Apple patent points to 'pinch-to-zoom' replacement
15th Nov 2012 | 20:48
Auto-zoom based on facial proximity
Pinch-to-zoom may soon go the way of the original iPhone according to new patents filed by Apple with the U.S. Patent and Trademark office.
The new invention described in the paperwork (filed in May 2011) would use a sensor to determine the proximity of a user's face, and automatically zoom and focus what was on the screen accordingly.
The invention would come with two modes, comfort and zoom, which work as analogues to one another, and provide user's with a tailored viewing experience without having to touch the screen at all.
In your face!
The technology would use either a camera, infrared proximity sensor, or SONAR sensor to detect the closeness of a user's face to the display.
Calibration for the system would require the user to hold the applicable device at various distances while it gathered data to establish the proper display scale size as it pertained to that user.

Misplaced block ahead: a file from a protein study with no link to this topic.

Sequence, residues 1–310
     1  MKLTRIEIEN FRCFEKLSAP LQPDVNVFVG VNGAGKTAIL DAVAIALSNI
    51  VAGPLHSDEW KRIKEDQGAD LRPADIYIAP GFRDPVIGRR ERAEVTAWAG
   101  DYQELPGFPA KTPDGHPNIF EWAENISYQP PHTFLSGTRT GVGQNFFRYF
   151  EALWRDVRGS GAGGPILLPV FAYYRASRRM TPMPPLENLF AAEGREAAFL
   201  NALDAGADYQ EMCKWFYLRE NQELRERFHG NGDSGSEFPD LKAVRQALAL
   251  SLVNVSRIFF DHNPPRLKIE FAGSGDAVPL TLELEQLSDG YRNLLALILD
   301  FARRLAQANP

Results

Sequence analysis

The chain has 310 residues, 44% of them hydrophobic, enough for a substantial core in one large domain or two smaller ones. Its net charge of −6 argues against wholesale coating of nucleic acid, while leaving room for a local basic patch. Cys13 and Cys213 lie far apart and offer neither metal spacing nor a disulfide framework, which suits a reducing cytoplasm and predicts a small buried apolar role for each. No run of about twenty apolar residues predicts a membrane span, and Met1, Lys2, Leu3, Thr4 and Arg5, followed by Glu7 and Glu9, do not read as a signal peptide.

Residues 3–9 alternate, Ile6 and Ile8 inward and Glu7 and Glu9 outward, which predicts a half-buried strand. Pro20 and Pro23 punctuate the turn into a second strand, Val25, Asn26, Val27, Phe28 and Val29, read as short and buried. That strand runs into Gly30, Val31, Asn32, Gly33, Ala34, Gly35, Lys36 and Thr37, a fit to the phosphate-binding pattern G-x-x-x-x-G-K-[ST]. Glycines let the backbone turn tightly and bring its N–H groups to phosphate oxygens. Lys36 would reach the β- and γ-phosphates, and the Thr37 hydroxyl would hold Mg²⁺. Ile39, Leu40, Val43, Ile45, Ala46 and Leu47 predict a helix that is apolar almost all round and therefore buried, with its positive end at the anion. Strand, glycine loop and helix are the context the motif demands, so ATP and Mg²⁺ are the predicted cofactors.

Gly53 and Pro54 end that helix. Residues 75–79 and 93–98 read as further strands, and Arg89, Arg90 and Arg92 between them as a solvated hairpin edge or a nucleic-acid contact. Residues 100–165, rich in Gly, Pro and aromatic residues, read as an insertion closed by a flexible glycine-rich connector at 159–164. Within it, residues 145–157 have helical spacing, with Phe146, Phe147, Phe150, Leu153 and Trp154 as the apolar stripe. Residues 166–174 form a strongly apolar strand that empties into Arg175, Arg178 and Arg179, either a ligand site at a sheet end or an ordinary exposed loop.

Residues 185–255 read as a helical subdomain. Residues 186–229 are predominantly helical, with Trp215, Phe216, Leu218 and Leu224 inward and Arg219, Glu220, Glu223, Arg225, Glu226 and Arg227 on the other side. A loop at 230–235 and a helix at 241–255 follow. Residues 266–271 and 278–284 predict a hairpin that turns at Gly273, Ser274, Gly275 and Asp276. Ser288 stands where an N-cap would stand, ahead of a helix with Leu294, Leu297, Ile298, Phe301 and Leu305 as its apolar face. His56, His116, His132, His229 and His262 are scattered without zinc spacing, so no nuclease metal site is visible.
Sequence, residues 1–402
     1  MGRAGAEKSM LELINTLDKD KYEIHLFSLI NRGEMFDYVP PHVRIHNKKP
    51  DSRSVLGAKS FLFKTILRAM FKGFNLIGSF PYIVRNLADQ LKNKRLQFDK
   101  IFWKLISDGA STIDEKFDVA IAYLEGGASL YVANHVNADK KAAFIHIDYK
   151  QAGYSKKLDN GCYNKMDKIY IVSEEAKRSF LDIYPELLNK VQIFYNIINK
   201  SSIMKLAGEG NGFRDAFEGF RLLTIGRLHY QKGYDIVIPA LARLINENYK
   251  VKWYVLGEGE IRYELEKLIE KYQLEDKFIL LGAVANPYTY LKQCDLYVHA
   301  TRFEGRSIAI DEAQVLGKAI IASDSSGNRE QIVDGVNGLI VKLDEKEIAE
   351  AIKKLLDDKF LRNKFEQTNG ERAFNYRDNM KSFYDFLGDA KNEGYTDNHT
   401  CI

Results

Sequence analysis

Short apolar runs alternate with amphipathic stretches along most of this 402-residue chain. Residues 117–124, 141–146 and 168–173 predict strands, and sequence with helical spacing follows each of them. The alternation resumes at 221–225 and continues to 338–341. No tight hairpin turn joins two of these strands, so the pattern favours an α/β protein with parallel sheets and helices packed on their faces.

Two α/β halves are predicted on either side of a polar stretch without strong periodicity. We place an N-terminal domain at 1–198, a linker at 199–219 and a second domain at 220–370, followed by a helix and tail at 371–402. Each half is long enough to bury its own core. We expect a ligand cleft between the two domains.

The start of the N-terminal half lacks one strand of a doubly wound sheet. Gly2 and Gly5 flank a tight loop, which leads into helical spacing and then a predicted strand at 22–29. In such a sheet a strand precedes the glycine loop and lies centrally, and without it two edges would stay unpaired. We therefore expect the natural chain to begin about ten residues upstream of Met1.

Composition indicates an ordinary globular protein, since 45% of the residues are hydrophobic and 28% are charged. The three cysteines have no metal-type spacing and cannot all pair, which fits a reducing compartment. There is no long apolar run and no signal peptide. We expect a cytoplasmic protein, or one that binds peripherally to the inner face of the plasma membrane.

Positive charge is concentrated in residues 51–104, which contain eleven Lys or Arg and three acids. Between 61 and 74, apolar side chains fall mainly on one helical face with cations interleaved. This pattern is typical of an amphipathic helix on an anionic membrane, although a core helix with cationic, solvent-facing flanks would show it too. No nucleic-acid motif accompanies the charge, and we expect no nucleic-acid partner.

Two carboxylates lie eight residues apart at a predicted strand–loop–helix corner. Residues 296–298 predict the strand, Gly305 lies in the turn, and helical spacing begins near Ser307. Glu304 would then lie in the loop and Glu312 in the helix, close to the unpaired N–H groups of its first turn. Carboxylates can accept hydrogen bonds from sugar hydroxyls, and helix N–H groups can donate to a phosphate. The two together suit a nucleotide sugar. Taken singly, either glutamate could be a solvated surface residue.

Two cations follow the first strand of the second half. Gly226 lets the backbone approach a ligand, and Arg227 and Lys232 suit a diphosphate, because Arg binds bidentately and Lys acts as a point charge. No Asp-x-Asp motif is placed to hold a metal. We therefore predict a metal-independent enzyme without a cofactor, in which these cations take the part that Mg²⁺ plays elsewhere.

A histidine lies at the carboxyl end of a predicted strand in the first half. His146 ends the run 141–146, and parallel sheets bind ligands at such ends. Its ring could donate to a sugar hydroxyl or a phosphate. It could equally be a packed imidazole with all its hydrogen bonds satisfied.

The patent described the ability to potentially use facial recognition software to establish a better sense of distance, and thus provide more accurate reference data for the proper dynamic scaling.
Once all the test data was stored, the device would be able to more accurately provide readability and comfort to the user based on whatever mode was selected.
Comfort vs. zoom
Apple's invention features two different modes that offer variations on the same techniques.
As described by the patent paperwork, comfort mode is designed to "maintain the visual content at a comfortable size for the user regardless of how far the display is from the user's face."
If using the comfort mode, the content on screen would shrink as the user's face comes closer to the device, and would enlarge as the screen was moved further away.
Zoom works in the exact opposite fashion, and "provides a convenient way to zoom in and out of visual content."
As the screen is moved closer in zoom mode, content visible scales larger, with the on-screen content diminishing in size as it is moved farther away from the face.
Like any other patent, there's a chance this technology may never see the light of day.
Until Apple actually begins touting the technology as a feature in the next wave of iPhones or iPads, this auto-zoom will just remain a good idea we hope to see implemented soon.